Sales & Marketing

Does retail need an omni-edge to achieve success in 2019?

6 min read

29 May 2019

What is happening to retail in 2019? As Creative Director of a retail design agency, I get asked this question a fair bit. It’s a complex issue; some days bring in reports of a dying high street, others are filled with the failures of online fast fashion retailers.

One thing we do know about the retail landscape is that traditional physical retail has been challenged by the convenience and personalisation enabled online; and with any challenge, comes the need for change.

If physical retail can adapt to incorporate convenience and personalisation into its approach, it will have the winning ticket. One answer to this: omni-channel.

What is omni-channel?

Omni-channel has been cropping up for a while now, but whether people truly understand what it means, or how to use it, is another matter.

Omni-channel is a strategy that organises communication channels in a collaborative way so that each one can inform the other; allowing for a free flow of information that creates seamless, all-encompassing experiences.

This isn’t to be confused with multi-channel, the activation of a number of channels in parallel; which may have consistency in the brand image, but not personalisation.

Omni-channel is already being used online to create convenience and personalisation through bespoke adverts and recommendations, effectively allowing a single brand to present itself in tailored ways to each user.

This, along with the online sphere in general, has contributed to a climate of instant gratification in retail and the wider society.

How physical retailers can build better trust with consumers

Contrastingly, the physical retail environment is generally presented as one size fits all, with the customer having to do the work to find their match.

If physical retail can incorporate instant access to online features, such as reviews and recommendations, it will help assure customers and build trust.

This transparency would encourage customers to invest in physical retail instead of taking the self-service route online; as they would benefit from the sensorial experience of physical retail and the convenience, personalisation and assurance they have come to expect from the online world.

Omni-channel benefits both customers and retailers, immediately and in the long run.

The holistic experience, which can run from prior recommendation to aftercare service, creates brand loyalists; customers who will not only make the initial purchase but make repeat purchases and advocate the brand within online and offline communities.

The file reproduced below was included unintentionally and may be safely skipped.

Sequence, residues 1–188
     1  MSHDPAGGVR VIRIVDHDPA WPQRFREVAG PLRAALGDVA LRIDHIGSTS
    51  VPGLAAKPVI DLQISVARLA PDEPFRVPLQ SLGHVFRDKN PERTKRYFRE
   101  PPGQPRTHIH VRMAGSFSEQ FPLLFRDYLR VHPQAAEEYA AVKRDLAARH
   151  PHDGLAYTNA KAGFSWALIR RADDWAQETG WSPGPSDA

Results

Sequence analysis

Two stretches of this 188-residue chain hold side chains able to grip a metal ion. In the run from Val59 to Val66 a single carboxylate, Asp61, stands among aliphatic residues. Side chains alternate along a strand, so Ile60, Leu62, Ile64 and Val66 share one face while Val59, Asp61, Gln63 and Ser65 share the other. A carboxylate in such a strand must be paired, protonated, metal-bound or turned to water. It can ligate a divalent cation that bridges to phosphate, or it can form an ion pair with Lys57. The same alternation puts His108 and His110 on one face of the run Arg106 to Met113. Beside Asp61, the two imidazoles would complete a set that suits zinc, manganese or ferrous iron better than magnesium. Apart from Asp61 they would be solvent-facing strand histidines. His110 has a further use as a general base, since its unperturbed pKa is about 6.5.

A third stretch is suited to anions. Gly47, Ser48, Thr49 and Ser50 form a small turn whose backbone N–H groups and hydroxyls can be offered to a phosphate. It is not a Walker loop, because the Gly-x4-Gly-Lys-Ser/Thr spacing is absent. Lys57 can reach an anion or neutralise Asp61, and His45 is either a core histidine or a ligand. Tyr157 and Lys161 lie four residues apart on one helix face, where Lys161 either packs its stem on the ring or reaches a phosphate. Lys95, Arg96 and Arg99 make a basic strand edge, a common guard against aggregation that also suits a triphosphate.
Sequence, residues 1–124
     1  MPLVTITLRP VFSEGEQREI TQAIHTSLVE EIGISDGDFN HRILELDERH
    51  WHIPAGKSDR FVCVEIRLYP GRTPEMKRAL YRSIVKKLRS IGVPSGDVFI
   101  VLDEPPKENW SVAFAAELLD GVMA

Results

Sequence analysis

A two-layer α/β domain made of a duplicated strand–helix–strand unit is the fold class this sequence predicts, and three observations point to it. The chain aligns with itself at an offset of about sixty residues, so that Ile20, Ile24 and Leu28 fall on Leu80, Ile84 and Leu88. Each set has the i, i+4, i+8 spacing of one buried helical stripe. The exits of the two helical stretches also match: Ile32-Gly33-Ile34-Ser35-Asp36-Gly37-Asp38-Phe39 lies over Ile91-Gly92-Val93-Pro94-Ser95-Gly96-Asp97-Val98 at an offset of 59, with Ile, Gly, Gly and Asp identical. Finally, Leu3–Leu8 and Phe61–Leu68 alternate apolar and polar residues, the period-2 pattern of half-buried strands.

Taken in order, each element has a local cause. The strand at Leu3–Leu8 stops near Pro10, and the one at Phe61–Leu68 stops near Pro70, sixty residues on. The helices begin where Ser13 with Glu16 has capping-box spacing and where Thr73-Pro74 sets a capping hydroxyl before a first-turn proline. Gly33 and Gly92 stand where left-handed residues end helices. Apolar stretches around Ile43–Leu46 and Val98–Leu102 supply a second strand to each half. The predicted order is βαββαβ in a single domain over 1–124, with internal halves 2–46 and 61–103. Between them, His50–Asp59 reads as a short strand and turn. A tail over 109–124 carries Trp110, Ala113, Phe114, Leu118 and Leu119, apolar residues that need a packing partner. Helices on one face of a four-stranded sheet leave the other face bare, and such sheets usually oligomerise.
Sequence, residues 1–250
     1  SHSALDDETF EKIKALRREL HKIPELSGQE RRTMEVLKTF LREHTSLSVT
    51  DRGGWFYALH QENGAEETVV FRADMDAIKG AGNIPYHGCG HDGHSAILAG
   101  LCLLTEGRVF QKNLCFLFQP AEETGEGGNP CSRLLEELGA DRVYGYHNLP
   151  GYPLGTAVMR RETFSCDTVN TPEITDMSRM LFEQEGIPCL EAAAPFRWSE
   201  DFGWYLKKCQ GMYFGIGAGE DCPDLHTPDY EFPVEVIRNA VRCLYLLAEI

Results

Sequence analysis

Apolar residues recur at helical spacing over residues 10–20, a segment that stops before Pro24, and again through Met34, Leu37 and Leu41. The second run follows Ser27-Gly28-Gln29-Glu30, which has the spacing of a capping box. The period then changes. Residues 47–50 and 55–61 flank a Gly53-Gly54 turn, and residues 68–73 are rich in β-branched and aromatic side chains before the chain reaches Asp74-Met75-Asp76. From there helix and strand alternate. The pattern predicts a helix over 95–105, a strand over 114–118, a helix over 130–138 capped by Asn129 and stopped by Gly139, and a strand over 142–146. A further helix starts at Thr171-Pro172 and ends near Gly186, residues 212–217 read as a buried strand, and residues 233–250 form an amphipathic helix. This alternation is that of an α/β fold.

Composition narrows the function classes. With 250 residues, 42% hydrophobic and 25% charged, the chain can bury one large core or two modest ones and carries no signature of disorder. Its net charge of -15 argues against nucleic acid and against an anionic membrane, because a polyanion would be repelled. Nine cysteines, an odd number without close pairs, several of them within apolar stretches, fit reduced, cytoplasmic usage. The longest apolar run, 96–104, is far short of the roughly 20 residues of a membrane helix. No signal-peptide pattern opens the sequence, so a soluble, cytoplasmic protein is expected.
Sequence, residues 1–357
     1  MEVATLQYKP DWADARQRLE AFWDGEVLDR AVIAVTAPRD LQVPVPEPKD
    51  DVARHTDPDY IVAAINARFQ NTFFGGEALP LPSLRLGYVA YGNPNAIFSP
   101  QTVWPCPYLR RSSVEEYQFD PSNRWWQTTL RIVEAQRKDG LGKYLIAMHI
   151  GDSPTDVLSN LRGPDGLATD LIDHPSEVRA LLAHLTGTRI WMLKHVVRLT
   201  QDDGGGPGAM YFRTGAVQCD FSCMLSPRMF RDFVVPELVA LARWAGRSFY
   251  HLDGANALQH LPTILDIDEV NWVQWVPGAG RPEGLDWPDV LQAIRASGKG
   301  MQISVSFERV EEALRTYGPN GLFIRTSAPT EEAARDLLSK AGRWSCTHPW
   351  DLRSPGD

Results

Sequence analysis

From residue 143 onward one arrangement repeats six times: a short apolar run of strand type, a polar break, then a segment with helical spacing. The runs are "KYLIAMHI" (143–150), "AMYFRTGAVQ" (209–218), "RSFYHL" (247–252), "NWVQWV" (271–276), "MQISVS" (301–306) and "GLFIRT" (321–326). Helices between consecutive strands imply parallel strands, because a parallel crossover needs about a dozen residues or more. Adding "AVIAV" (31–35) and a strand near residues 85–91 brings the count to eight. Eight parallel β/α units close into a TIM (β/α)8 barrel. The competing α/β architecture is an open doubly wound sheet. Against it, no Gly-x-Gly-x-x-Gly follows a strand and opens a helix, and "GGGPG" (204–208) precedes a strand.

Data capture and sharing also allows for analysis of trends and consumer habits, which can optimise planning and stocking to satisfy customer demand and curb retail losses.

What we do at our own retail company

At Play, we feed an omni-channel approach into our retail designs for all of the above reasons. This is something we did for Hyundai to great success by bringing digital retail to its physical showroom; we designed, produced and installed interactive units that acted as a silent salesperson by sharing information with other devices to present personalised content to each customer.

This allowed us to bring the authenticity of data generated recommendations into the physical retail environment – instead of someone telling you what to buy (what is in it for them?) you can see from your own preferences what the best option is for you.

This trust is essential to the future of bricks-and-mortar retail – while customers want to be able to experience items, they will often choose to order the same product online where they can independently assess reviews, pricing and alternative options. So, we must bring this possibility into physical retail.

Don’t listen to the haters, physical retail still matters

Despite an increase in users shopping online, physical retail still plays a very important part in the shopping experience. Ultimately, it is the baseline of retail; it can be improved with elements of e-commerce, but not mimicked or recreated by it.

This is because physical retail goes to the heart of the desire for a purchase, whereas online shopping supplies only a need; a physical store can provide a customer looking for running shoes with additional services such as the measurement of running gait or the experience of sales representatives that go to the root of their passion.

If bricks-and-mortar retail can harness the benefits of e-commerce, it will regain its position as the centre of retail. Furthermore, the same theory applies in any industry or sector that provides a service or product.

Omni-channel is a versatile tool for retailers to use

Omni-channel can be harnessed in a number of environments to benefit both user and provider – imagine the way the healthcare industry and the service it provides could be revolutionised with the free flow of a user’s preferences such as diet, exercise, and sleep?

The results, as with retail, would benefit both the user and the provider by providing a more personalised experience.

Omni-channel has already challenged many of the traditional ways in which we do things, and we expect it to move into many more industries, as the adoption of it is causing many positive evolutions.

As such, to answer my opening question: physical retail has not died, it is evolving to the modern world.